Kyrgyzstan death toll at 2,000, says leader
Published 19/06/2010 | 05:00
The scale of death and displacement during Kyrgyzstan's ethnic violence is believed to be much higher than official estimates with up to 2,000 victims and one million homeless.
Roza Otunbayeva, the interim president, visited the city of Osh -- the epicentre of the violence -- and said the number of fatalities was likely to be 10 times the official death toll of 223. The UN warned it was preparing to give long-term assistance to one million people.
Mrs Otunbayeva arrived in Osh by helicopter to inspect the damage inflicted by mobs that her government accuses toppled president Kurmanbek Bakiyev of organising.
She said many of the victims were buried before sunset on first day of the fighting. "I would increase by 10 times the official data on the number of people killed," Mrs Otunbayeva added.
A UN aid airlift into Kyrgyzstan was scheduled to begin this weekend. Two planes carrying 80 tonnes of relief items are expected to arrive in Osh.
The news of the worsening humanitarian crisis came as a row was brewing between the Kyrgyz government and Britain over the whereabouts of the son of the ousted president.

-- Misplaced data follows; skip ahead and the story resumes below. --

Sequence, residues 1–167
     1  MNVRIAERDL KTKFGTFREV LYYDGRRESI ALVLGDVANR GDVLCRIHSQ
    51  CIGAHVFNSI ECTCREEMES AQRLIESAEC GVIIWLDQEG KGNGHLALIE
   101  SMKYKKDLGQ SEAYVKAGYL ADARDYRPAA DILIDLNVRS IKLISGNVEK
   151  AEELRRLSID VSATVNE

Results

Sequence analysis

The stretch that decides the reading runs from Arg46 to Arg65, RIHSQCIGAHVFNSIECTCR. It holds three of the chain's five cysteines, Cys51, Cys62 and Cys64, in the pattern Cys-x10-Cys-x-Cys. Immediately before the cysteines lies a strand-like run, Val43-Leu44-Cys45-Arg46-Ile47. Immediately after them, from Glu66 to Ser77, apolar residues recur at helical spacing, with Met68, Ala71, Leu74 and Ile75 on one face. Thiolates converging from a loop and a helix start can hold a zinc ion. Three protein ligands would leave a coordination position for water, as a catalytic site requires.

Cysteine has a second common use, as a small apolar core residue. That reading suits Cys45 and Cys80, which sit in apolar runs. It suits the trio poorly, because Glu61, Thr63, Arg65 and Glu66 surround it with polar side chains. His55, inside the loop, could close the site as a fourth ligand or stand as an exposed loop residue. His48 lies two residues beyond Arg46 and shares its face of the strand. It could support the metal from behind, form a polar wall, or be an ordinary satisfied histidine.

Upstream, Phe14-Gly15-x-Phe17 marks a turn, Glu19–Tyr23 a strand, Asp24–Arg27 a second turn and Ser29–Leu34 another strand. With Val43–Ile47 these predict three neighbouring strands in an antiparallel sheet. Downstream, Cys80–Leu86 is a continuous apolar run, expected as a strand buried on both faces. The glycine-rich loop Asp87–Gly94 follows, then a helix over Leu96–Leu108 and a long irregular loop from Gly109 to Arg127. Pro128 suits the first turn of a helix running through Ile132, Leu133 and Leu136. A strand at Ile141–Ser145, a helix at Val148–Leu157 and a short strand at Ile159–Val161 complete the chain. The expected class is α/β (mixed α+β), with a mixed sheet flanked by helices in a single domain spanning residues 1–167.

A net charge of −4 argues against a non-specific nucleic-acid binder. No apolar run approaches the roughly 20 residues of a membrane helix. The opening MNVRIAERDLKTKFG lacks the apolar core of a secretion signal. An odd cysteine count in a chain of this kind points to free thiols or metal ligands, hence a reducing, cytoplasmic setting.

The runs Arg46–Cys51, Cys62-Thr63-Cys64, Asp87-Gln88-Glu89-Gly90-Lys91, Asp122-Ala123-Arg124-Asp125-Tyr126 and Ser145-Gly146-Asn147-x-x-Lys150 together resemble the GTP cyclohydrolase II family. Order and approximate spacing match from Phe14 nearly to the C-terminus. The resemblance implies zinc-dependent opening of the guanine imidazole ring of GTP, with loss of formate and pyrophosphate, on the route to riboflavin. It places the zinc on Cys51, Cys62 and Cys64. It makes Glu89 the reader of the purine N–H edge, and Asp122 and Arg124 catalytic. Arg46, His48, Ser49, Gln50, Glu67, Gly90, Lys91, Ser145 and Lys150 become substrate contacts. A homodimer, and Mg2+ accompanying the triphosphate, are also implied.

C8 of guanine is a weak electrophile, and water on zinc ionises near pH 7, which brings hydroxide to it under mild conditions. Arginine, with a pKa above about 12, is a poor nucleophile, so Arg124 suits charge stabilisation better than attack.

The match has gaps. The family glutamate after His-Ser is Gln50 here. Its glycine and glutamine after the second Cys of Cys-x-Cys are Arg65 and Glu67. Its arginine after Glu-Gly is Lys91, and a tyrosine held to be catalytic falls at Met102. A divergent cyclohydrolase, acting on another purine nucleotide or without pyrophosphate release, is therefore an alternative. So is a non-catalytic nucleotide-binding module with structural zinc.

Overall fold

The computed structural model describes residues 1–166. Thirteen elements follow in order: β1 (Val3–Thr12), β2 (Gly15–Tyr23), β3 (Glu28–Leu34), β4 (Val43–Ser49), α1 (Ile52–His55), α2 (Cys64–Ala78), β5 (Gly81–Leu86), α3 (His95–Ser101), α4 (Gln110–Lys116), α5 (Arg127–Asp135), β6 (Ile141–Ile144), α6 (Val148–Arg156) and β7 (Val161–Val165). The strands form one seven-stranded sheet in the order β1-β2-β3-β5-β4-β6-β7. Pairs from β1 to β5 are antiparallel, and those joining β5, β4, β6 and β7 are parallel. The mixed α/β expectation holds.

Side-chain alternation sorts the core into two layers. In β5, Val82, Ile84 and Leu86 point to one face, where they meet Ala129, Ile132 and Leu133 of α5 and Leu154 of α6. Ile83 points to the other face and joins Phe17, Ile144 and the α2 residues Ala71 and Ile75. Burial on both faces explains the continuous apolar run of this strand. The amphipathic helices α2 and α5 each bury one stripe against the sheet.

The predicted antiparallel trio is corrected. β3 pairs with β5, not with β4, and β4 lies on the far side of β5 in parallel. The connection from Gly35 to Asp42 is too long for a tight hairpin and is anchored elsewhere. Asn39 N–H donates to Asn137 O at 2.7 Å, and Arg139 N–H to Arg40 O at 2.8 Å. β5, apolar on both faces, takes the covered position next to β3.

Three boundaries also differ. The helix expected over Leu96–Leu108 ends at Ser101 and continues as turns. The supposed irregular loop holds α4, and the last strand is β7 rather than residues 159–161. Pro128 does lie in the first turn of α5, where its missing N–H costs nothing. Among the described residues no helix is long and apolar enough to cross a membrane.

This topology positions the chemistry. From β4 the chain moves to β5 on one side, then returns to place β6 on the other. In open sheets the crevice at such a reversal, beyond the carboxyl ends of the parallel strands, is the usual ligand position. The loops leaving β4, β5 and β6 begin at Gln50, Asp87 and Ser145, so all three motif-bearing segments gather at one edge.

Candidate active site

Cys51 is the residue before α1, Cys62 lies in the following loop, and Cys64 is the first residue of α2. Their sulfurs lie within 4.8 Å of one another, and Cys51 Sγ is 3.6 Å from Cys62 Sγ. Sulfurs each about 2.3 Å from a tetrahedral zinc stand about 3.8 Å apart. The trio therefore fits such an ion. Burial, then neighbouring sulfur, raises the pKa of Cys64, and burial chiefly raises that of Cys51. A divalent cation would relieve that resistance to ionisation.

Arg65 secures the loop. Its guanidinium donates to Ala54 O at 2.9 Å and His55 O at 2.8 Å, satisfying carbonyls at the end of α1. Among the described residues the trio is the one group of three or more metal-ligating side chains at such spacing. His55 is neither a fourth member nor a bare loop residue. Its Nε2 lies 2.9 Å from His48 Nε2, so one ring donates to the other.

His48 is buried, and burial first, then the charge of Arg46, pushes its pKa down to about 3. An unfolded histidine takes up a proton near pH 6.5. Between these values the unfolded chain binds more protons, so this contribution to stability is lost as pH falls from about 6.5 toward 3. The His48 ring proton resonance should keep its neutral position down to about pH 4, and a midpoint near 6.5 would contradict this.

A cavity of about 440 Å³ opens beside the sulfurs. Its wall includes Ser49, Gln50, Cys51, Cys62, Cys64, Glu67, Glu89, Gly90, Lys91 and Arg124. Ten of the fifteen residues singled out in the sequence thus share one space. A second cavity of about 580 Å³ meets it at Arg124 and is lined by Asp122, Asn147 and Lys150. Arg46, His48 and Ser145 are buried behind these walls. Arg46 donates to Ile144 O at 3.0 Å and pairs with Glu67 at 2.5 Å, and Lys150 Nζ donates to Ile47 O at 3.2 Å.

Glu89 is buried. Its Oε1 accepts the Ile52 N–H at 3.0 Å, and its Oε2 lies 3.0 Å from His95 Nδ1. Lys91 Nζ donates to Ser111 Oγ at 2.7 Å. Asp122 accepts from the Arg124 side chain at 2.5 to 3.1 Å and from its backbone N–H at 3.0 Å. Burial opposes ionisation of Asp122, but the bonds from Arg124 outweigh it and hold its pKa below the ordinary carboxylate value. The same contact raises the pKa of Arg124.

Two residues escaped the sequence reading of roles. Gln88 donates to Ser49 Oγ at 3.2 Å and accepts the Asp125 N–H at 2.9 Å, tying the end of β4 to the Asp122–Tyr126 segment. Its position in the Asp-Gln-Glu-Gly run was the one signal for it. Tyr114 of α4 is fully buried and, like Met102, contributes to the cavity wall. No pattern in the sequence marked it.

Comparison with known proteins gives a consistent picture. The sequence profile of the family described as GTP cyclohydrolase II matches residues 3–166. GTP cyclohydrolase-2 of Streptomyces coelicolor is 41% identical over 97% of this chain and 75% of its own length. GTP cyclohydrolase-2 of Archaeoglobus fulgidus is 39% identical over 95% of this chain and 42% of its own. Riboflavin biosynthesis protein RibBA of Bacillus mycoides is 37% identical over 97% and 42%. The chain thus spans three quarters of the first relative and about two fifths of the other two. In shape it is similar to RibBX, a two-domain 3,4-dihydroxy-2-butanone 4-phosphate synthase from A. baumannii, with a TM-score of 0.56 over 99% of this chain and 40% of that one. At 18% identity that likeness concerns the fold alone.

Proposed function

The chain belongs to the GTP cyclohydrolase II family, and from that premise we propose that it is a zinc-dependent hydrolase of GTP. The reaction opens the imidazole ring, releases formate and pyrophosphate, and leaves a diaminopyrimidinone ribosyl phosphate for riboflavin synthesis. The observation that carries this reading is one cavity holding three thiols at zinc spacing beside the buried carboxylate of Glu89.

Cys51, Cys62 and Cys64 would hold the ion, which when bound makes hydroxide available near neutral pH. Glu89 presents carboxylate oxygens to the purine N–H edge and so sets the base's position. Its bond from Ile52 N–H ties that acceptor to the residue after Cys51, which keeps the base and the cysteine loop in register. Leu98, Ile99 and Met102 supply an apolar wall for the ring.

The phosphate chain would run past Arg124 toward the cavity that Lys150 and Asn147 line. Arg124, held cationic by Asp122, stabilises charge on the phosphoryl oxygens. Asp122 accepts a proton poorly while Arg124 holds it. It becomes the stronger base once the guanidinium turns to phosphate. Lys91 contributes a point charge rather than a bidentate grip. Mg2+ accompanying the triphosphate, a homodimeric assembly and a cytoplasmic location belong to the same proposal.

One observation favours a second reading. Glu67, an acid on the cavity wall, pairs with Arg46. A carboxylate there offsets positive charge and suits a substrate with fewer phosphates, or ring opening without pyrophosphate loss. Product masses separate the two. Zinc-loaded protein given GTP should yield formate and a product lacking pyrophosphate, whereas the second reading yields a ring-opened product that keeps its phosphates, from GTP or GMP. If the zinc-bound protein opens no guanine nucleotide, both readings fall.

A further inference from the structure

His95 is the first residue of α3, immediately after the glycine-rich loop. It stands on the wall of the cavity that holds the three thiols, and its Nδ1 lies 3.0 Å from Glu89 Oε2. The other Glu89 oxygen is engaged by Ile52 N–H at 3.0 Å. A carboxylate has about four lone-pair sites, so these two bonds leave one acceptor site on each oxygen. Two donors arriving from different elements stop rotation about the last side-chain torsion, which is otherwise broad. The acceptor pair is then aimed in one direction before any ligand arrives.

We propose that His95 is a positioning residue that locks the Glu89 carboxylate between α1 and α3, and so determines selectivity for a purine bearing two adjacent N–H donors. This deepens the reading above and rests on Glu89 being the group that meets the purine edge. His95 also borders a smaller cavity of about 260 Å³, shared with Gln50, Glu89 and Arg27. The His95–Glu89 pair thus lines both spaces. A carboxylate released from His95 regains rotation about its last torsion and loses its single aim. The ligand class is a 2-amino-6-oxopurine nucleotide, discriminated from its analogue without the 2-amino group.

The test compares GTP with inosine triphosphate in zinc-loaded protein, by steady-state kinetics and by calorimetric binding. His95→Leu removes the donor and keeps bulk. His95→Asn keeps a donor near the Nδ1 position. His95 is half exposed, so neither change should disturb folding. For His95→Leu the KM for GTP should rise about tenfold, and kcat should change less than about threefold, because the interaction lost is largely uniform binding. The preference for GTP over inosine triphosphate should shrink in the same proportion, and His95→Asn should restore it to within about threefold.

Kyrgyzstan threatened to shut down a strategic US airbase unless he was extradited.
Maxim Bakiyev, who was questioned at Farnborough airport near London last Sunday, is the subject of an Interpol arrest warrant to face charges of corruption and misusing state funds.
Britain does not have extradition arrangements with Kyrgyzstan but the UK government has said it is open to sending Mr Bakiyev back to his homeland.
However, Kyrgyz officials fear Mr Bakiyev will successfully claim asylum.
"England never gives up people who arrive on its territory. But since England and the US fight terrorism, and the arrangement with the airbase is one of the elements of that fight, then they must give over Maxim Bakiyev," said Azimbek Beknazarov, deputy leader of the provisional government.
Mr Bakiyev has close associations to the Manas airbase, which the US uses as a key transportation hub for servicemen engaged in the war in Afghanistan. He emerged as one of Kyrgyzstan's most powerful businessmen during his father's rule.
A spokesman for the British Home Office said it could not comment on whether or not Mr Bakiyev was still in detention. (©Daily Telegraph, London)